The future is really about empathy. Without empathy, there can be no real change. Without it, businesses will succumb to something that I call 'Digital Darwinism', when technology and society evolve beyond the ability to adapt and thrive

GL: The consulting industry is facing its own digital transformation. Recently you partnered with Capgemini.

Shannon Latta: We share a common vision on digital transformation as evidenced by our respective research on the topic.

We started talking several months ago about this and quickly identified a powerful new offer for the market by joining forces on research and client engagements.

Altimeter Group has participated in Capgemini Consulting’s training events and internal meetings. We have been able to assess cultural and strategic fit of the partnership. In all these events we felt completely aligned in terms of business values, style, and areas of focus.

A partnership like this one will help us increase the value we give organisations through greater thought leadership and new offerings.

GL: A shared vision around digital transformation. Could you tell us more? 

BS: Altimeter and Capgemini's work is not only complementary; clients and prospects already substantiate it.

Capgemini takes a holistic view of digital transformation across the entire enterprise - from manufacturing to marketing, service, support and everything in between.

Initially, Altimeter Group focused on the digital customer experience and employee engagement. Our view was inspired by the work we were already doing around social media, content strategy and mobile. We learned that significant budget and resource investments are led by sales and marketing to update ageing infrastructures and to pursue the digital customer more effectively.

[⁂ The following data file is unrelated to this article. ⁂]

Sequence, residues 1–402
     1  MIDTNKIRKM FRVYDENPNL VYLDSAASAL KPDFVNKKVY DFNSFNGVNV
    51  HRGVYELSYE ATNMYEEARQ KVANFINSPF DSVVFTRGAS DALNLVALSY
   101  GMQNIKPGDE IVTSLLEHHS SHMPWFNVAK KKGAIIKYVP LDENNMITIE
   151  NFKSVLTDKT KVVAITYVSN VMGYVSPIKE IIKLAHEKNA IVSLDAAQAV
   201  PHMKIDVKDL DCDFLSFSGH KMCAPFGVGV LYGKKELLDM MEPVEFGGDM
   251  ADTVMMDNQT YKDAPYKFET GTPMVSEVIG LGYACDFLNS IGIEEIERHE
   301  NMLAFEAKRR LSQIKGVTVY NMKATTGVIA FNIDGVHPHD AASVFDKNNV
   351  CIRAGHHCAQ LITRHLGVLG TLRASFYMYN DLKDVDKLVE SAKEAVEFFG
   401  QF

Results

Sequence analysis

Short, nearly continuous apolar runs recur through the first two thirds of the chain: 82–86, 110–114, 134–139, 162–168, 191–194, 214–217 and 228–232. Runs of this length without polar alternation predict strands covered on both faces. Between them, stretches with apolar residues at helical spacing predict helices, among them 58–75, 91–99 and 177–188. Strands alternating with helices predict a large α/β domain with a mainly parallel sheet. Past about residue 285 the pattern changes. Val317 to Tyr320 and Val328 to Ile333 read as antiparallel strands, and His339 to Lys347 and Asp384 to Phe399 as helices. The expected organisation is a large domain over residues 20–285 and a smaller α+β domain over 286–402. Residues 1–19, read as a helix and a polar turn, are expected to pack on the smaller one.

Our initial research was designed to help marketers and IT professionals think beyond technology. We wanted to encourage them to invest in strategy, system and process roadmaps, which are relevant for discerning, sophisticated, (and impatient) customers and employees.

GL: How will Altimeter Group and Capgemini work together?

SL: In addition to publishing joint research, we will help large enterprises with digital transformation initiatives. The combination of Altimeter's leading research and industry recognition with Capgemini Consulting’s transformation and implementation skills will provide a full spectrum offer for companies seeking to transform around digital.

Both firms are client-first organisations: everything is done to create value and satisfaction for them.